Using Random Forest to Uncover Missing Heritability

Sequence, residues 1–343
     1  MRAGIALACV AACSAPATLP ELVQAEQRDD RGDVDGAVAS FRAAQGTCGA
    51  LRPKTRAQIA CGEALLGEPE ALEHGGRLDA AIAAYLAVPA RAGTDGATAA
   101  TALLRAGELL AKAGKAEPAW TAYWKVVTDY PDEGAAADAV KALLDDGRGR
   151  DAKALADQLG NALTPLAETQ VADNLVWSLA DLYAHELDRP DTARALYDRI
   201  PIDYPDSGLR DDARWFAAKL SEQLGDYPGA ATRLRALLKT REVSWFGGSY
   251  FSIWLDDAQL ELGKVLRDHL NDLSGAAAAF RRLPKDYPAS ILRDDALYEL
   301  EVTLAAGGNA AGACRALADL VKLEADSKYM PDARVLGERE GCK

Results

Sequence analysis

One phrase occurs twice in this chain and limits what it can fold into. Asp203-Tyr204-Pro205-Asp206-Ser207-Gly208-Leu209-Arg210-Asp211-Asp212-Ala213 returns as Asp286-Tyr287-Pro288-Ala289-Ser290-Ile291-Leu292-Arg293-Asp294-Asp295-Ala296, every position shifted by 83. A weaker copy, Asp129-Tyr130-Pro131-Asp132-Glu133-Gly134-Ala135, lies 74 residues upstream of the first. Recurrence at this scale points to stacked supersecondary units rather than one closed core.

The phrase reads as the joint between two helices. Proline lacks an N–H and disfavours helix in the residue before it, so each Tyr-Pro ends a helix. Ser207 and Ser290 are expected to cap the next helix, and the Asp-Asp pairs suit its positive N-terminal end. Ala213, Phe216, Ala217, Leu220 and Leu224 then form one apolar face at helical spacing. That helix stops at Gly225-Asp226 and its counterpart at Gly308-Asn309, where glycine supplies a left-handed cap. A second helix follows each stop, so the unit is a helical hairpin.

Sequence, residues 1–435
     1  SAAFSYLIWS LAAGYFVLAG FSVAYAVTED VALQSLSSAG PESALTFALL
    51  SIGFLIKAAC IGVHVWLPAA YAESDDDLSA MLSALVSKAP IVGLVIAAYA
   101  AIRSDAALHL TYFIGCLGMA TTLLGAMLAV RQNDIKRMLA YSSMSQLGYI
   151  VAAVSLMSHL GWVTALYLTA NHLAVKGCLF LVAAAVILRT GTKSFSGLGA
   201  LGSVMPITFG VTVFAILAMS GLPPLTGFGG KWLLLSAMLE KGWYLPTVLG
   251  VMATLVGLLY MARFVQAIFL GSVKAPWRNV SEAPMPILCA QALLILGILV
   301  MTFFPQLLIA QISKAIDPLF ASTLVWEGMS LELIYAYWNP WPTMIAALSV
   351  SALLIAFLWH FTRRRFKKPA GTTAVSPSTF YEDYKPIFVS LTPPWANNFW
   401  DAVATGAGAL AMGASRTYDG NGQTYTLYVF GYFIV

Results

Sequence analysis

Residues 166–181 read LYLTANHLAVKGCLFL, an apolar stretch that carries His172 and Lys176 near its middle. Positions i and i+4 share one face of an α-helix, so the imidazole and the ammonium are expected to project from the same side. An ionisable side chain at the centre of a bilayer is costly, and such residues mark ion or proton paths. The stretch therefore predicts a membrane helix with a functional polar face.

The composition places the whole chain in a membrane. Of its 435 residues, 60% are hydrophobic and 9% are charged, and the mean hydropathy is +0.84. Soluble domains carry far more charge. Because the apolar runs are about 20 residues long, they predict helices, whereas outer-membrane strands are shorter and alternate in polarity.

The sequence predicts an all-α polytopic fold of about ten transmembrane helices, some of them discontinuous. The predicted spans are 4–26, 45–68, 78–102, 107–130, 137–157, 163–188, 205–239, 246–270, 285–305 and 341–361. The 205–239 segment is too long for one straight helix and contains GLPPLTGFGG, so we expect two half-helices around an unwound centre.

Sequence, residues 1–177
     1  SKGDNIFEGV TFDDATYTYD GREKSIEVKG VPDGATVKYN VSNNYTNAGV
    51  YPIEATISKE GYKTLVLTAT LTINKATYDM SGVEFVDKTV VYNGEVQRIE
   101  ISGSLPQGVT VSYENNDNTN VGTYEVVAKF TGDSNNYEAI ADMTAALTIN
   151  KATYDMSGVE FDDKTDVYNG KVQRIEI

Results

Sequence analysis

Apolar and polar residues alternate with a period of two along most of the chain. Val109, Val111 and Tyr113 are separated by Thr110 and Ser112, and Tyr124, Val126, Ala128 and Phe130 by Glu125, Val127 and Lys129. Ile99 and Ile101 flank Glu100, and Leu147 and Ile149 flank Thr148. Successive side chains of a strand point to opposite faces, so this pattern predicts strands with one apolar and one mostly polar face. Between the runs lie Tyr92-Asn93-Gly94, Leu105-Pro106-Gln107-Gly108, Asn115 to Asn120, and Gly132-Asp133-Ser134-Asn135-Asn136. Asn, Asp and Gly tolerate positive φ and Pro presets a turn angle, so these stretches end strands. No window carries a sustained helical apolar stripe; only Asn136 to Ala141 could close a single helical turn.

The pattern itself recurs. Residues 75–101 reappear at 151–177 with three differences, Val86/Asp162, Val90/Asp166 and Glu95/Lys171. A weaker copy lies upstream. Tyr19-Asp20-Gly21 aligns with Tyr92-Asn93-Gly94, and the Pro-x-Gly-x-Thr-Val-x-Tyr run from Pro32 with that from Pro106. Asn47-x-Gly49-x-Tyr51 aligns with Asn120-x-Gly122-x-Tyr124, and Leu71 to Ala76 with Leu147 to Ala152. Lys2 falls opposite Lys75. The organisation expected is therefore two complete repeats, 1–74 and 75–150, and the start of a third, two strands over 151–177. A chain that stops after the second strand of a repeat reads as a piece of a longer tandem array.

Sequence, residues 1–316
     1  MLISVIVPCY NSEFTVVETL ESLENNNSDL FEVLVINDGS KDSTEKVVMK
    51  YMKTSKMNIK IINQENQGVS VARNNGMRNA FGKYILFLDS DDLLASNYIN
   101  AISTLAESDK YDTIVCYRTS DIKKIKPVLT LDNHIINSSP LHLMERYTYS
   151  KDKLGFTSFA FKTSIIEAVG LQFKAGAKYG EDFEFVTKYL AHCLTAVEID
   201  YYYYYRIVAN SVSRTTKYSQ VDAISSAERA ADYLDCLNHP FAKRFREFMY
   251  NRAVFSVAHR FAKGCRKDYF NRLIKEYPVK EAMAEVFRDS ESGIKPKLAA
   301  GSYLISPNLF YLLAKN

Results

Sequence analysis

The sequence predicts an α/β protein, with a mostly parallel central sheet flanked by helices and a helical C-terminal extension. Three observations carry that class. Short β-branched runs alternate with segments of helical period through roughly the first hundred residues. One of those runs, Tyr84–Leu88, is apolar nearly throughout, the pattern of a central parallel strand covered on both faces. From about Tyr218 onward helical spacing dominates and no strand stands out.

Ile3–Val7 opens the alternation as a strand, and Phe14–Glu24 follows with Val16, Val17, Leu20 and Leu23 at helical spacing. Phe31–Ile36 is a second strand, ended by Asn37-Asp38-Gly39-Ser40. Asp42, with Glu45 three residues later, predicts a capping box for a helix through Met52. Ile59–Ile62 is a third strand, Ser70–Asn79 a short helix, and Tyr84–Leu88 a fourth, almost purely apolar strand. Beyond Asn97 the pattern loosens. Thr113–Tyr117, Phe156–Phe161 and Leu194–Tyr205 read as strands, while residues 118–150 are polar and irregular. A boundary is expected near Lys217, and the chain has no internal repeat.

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Genetic sequencing technology has provided us with the information to show a correlation between some genetic variants and diseases. However, single genetic variations cannot account for much of the heritability of diseases, behaviors, and other phenotypes. This large amount of our genetic makeup that is unaccounted for is a problem known as missing heritability. Knowing what gene is correlated with a disease can help in both treatment and prevention of disease. For example, Leber’s Congenital Amaurosis is an eye disorder that can cause visual impairment. If this disease was caused by the gene RPE65, this disorder can be treated through gene therapy. However, if the disease was caused by any of the 13 other genes known to be associated with the disease, this treatment would be ineffective. Our goal is to develop statistical methods to condition our analysis on genes already known to be associated with a disease. Achieving this will allow us to focus on identifying genetic variants not already known to be correlated with the disease - helping to piece together the puzzle of missing heritability.